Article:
We could debate whether the Christian Trinitarian view of God and its view of the incarnation contradicts the Jewish understanding of Monotheism (it doesn't), but that would be another debate.  For the purpose of this thread, it is enough for me to show that the 600-year-removed Arabian Koran has no critique of the New Testament.  It is a Johnny-come-lately commentary that makes rhetorical use of the Christian traditions that Muhammad knew of at the time.  I'm not saying there's anything wrong with that.  I am saying that because of this, the Koran has nothing to add to a discussion about whether the New Testament offer a true account of Jesus.


quote:
The Quran is referring to an ultimate truth rather than an apparant one.  Jesus was crucified in the sense of being put on the cross, but he wasn't crucified in the sense of actually/ultimately being killed, destroyed, proved as false, etc on the cross. If you read "not crucified" as implying "not defeated" you can understand better the perspective of the Quran.



You really confused me when you stated earlier that the Koran "agrees with the general point that Jesus was not actually crucified".   But obviously you don't mean that the Koran denies the "actual" crucifixion.  Rather you're saying that the Koran admits an actual crucifixion that is not significant or has no import, because of the victory of God.  As a Christian I agree with this, since Christians believe that the crucifixion was not final, and that Jesus was literally and bodily raised from the dead.  


But your interpretation of the Koran here is much more Christian than Muslim.  I think if you look into it, you'll find that this is not the Islamic interpretation at all.  The main Islamic interpretation is that Jesus was not crucified at all.  Some Islamic scholars think this means there was a substitution, like the gnostic text says, others think he simply wasn't crucified.  Either way, Islam believes that the crucifixion takes away from the dignity of Jesus, so they don't admit it.


My point in comparing the text of the Koran with the Gnostic Text was not to show that they are identical in every regard, but to show that the latter is essentially derived from the former ... that Muhammed's views of Jesus are essentially Docetic.  And Docetism is attributed to Gnostic views of Jesus that originated later than the New Testament.  If this is true, then it isn't very likely that the Koran was attempting to teach the same thing as the New Testament.


Anyway, Dr Bilal Philips himself, whose video you posted, does not believe that Jesus was crucified.  Hear him in this video stating it explicitly, beginning at 1:22


http://www.youtube.com/watch?v=2L7P9mZOrDQ  


In conclusion, the Koranic view of Jesus and the New Testament view of Jesus are at odds with each other.  And while Dr. Philips says that the Koran has a remedial relation to New Testament, offering a correction (after which Jesus may be included) the Koran's own views of Jesus can be reasonably shown to be based on 4th Century heterodox traditions, and therefore cannot offer any serious critique of the New Testament.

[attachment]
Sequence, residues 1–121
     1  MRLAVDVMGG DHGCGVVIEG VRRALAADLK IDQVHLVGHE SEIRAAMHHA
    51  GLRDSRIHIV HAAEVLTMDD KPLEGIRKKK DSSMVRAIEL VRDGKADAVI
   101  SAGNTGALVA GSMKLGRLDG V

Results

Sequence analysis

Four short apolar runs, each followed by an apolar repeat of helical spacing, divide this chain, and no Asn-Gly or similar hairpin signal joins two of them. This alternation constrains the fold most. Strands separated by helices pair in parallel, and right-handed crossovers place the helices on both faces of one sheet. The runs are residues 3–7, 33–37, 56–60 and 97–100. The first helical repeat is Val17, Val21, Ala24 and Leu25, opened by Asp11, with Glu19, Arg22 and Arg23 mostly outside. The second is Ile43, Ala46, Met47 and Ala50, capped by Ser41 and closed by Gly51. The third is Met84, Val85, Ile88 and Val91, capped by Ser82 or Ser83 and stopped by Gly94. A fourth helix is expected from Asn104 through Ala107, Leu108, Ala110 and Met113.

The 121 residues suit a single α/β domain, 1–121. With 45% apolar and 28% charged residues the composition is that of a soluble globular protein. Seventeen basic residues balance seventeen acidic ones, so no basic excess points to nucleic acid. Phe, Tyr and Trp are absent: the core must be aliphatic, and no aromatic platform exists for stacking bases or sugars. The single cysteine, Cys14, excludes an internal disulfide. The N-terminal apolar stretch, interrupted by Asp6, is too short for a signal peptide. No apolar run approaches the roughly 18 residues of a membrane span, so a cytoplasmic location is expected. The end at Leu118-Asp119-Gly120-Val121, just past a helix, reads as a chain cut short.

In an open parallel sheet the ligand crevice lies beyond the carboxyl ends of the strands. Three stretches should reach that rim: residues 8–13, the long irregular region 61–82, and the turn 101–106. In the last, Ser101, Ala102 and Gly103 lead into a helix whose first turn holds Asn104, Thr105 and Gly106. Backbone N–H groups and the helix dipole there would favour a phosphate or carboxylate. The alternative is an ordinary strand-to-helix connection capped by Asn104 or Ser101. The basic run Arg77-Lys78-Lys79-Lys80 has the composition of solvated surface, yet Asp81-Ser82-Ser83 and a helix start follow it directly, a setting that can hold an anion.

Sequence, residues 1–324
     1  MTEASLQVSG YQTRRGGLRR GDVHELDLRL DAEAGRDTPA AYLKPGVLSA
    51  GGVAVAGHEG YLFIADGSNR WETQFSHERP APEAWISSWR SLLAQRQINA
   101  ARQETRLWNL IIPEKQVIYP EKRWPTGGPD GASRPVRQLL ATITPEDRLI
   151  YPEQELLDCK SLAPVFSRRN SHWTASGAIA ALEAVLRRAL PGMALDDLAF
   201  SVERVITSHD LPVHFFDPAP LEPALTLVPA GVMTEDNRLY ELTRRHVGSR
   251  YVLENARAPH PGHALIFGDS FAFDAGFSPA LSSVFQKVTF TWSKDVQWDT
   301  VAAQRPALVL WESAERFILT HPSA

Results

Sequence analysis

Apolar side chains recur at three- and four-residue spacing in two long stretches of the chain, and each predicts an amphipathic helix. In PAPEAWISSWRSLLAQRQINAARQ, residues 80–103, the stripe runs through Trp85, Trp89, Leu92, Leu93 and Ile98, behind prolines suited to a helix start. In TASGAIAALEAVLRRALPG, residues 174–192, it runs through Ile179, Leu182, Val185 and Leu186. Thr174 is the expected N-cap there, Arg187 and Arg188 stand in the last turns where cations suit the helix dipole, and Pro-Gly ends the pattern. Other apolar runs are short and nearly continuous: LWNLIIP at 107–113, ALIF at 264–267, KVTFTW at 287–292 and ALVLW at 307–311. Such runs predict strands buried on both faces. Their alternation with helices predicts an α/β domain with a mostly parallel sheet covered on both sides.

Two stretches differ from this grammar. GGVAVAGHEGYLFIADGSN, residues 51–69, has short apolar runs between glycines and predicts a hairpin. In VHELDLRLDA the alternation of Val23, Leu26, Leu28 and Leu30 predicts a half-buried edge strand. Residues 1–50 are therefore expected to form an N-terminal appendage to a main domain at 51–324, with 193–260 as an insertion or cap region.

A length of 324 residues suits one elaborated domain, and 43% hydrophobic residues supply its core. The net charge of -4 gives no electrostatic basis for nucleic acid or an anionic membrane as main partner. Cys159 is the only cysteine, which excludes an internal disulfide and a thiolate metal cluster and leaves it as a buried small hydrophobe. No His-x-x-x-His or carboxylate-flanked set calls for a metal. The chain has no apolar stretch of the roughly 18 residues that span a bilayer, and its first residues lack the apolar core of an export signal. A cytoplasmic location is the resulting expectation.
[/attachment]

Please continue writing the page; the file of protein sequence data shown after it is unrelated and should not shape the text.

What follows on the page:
Stephen

[This message has been edited by Stephanos (11-18-2011 06:10 PM).]

Uncas
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Dr. Bilal Philips certainly takes his fictionalised characters seriously.

I wonder if he has an opinion regarding who'd win in a fight - Gandalf or Dumbledore.

Stephanos
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Uncas, what author are you referring to?

Ah, nevermind, I see you clarified.  
Huan Yi
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18 posted 11-18-2011 01:43 PM       View Profile for Huan Yi   Email Huan Yi   Edit/Delete Message      Find Poems  View IP for Huan Yi

.


Stephen


Thanks for the link
Pretty hard to take such people
seriously . . .


.
Stephanos
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John, I didn't post that link to say that we shouldn't take him seriously.  We should take everyone seriously enough to respect them.  That doesn't mean we should believe what they say uncritically.  

I too, like Bob, wouldn't want to see this thread turn into Islam bashing.  That's certainly not where I'm coming from.  
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20 posted 11-18-2011 02:50 PM       View Profile for Huan Yi   Email Huan Yi   Edit/Delete Message      Find Poems  View IP for Huan Yi

.


You didn't say it.
I did.


.
Stephanos
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21 posted 11-18-2011 06:11 PM       View Profile for Stephanos   Email Stephanos   Edit/Delete Message      Find Poems   Click to visit Stephanos's Home Page   View IP for Stephanos

I don't want this thread to take a spin too much in this direction (mainly because it has been hashed out in the Alley before), but John, do you make any distinction between the practices of the common muslim, and that of the Islamicist extremist?  

Stephen
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22 posted 11-19-2011 08:19 AM       View Profile for Huan Yi   Email Huan Yi   Edit/Delete Message      Find Poems  View IP for Huan Yi

.


I'm not interested in that.
I'm interested in the different takes
on Jesus especially here how they
are ignored or smoothed over.

In the bibles, apart from God, Jesus is the central character
as a man of peace; one who urged kindness and consideration
even to those outside one’s grouping.  In the Quran, apart from